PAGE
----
QUESTION 93. What are the sacraments of the New Testament?
ANSWER: The sacraments of the New Testament are, baptism and the Lord's supper.
Q. 1. What were the ordinary sacraments under the Old Testament?
A. They were two: CIRCUMCISION and the PASSOVER.
Q. 2. When was circumcision first instituted?
A. In the ninety-ninth year of Abraham's age, Gen. 17:24; at which time, both he, "and all the men of his house, were circumcised," verse 26, 27.
Q. 3. At what age were the male children afterwards to be circumcised?
A. Precisely on the eighth day after they were born, Gen. 17:12.
Q. 4. What was the spiritual meaning of this sacramental ceremony?
A. It signified the impurity and corruption of nature, Jer. 4:4; the necessity of regeneration, or being cut off from the first Adam, as a federal head, Rom. 2:28, 29; and of being implanted in Christ, in order to partake of the benefits of his mediation, chap. 8:1; together with a solemn virtual engagement to be the Lord's, Gen. 17:11.
Q. 5. What was the other sacrament of the Old Testament?
A. The passover.
Q. 6. When was it instituted?
A. At the departure of the children of Israel out of Egypt, Ex. chapter 12.
Q. 7. Why called the PASSOVER?
A. Because the destroying angel passed over the houses of the Israelites in the night when he smote the first-born with death, in every house or family of the Egyptians, Ex. 12:27.
Q. 8. On what account did the angel pass over the houses of the Israelites?
A. Because, according to the express command of God, the blood of the passover-lamb was stricken upon the lintels and side posts of their doors, as a signal to the destroying angel to pass over them, Ex. 12:22, 23.
Q. 9. What was meant by striking the blood upon their lintels and door posts?
A. It signified, that it is only in virtue of the blood or satisfaction of Christ, that the curse and sentence of the law (which is the Wrath of God) is not executed upon the sinner, Rom. 5:9.
Q. 10. What were the significant ceremonies of divine institution that were to be observed in this sacrament?
A. The passover lamb was to be without blemish, Ex. 12:5; it was to be slain, verse 6; it was to be roasted with fire, verse 9; and it was to be eaten, and that wholly and entirely, verse 10.
Q. 11. Why was it necessary that the passover-lamb should be without blemish?
A. To signify, that though our sins were imputed to Christ, yet he was in himself "holy, harmless, undefiled," Heb: 7:26; and therefore called "a Lamb without blemish and without spot," 1 Pet. 1:19.
Q. 12. Why must the lamb be slain, or killed by blood shedding?
A. To denote, that the death of Christ was necessary, for satisfying justice, and reconciling us to God, Luke 24:26 -- "Ought not Christ to have suffered these things?"
Q. 13. Why was it to be roasted with fire?
A. To intimate, that Christ's sufferings, as our Surety, were exquisitely and inconceivably great, without the least abatement of any of that wrath which was due to our sins, Isa. 53:10 -- "It pleased the Lord to bruise him;" Rom. 8:32 -- "God spared not his own Son."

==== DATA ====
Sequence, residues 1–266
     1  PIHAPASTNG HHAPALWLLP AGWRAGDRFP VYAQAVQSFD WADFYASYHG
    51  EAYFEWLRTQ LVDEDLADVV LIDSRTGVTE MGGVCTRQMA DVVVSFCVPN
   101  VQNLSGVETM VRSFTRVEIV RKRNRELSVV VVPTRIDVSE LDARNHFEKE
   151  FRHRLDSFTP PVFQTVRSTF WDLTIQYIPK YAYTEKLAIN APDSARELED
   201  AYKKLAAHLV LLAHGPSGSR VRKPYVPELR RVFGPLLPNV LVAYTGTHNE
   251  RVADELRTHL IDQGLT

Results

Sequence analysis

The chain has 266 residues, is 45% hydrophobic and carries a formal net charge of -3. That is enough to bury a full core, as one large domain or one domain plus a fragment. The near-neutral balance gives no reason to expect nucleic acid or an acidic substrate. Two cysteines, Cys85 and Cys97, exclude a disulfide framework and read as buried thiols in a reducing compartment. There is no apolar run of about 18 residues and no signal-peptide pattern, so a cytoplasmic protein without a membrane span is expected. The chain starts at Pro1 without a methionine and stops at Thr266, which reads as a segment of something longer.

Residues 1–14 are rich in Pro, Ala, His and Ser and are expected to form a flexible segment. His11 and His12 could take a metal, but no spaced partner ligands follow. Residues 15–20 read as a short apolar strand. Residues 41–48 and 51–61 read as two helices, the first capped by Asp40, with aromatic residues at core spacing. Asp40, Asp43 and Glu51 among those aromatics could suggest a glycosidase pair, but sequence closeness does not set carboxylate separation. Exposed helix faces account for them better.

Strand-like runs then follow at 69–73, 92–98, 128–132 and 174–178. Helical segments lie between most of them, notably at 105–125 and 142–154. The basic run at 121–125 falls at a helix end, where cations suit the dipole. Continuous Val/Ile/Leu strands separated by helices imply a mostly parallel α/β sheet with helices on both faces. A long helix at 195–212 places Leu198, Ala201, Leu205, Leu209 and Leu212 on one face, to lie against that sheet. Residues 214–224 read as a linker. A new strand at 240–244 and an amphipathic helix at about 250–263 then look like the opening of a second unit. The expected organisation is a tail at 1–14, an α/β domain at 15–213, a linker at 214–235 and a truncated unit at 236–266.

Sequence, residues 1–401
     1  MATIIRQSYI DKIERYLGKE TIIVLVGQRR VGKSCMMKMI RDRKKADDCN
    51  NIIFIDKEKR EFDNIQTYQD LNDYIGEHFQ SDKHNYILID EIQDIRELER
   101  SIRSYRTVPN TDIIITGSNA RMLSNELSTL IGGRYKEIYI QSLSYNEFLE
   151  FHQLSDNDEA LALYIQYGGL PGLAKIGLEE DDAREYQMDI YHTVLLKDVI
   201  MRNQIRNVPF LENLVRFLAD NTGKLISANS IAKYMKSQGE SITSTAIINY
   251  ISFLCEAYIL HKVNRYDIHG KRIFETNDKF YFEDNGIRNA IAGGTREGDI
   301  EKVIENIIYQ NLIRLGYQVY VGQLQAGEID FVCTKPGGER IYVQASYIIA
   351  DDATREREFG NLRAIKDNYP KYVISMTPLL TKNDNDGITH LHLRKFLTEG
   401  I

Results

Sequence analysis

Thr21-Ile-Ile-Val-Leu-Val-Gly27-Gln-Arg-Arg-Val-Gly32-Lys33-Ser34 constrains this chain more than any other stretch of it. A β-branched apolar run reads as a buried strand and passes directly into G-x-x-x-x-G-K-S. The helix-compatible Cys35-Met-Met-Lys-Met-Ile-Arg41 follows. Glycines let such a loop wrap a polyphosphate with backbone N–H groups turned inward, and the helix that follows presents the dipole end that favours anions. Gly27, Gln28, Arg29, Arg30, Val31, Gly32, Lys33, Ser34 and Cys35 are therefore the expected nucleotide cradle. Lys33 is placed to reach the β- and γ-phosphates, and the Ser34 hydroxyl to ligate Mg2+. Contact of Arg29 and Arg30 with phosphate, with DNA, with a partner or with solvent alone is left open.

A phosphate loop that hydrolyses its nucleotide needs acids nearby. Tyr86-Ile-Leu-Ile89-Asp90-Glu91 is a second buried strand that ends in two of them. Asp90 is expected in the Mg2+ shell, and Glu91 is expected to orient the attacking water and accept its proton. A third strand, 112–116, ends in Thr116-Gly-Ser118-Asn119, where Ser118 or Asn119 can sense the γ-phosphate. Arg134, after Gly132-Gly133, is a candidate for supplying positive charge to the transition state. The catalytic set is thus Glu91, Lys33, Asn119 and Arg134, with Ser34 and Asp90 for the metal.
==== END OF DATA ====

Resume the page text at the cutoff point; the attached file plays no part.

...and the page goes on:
Q. 14. Why was it to be eaten wholly and entirely, and none of it to be left?
A. To signify, that Christ was to be wholly applied, in a way of believing, as being, "of God, made unto us wisdom and righteousness, and sanctification, and redemption," 1 Cor. 1:30.
Q. 15. Why were all the families of Israel to eat the passover, at one and the same time? Ex. 12:8.
A. To signify that there is enough in Christ to satisfy the need of all his people at once; "for in him dwelleth all the fulness of the Godhead bodily," Col. 2:9.
Q. 16. Why was it to be eaten the very same evening in which it was slain? ver. 6, 8.
A. To signify, that Christ ought to be applied and appropriated by faith speedily, without delay: "Behold, NOW is the accepted time," 2 Cor. 6:2.
Q. 17. "How many sacraments hath Christ instituted in his church under the New Testament?
A. "Under the New Testament, Christ hath instituted in his church only two sacraments; baptism and the Lord's supper."
Q. 18. How do these two sacraments come in the place of those under the Old Testament?
A. Baptism comes in the place of circumcision; and the Lord's supper in the place of the passover.
Q. 19. Were the sacraments of the Old Testament no more than shadows of that grace, which is actually conferred by the sacraments under the New, as the Papists would have it?
A. By no means; for "the sacraments of the Old Testament, in regard of the spiritual things thereby signified and exhibited, were, for substance, the same with those of the New, 1 Cor. 10:1-5."
Q. 20. In what do they differ?
A. The sacraments of the Old Testament represented Christ as yet to come; whereas those of the New hold him forth as already come, and as having finished the work of our redemption, as to the purchase of it, Eph. 5:2.
Q. 21. Is there any difference between them as to clearness and perspicuity?
A. The words annexed to the outward signs in the sacraments of the New Testament, make the things signified appear vastly more plain and perspicuous, than in the sacraments of the Old.
Q. 22. What other sacraments do the Papists add to baptism and the Lord's supper?
A. They boldly venture to add other five; namely, confirmation, penance, orders, marriage, and extreme unction.
Q. 23. How may it appear, in a word, that all these are false and spurious sacraments?
A. In regard that none of them have sacramental signs of divine institution, signifying any inward and spiritual grace; and, consequently, none of them can be appointed seals of God's covenant.
Q. 24. Who may lawfully dispense the sacraments of the New Testament?
A. "Neither of them may be dispensed by any, but a minister of the word, lawfully ordained, 1 Cor. 4:1"
 Confession of Faith, chapter 26.
 Ibid., 27 § 5.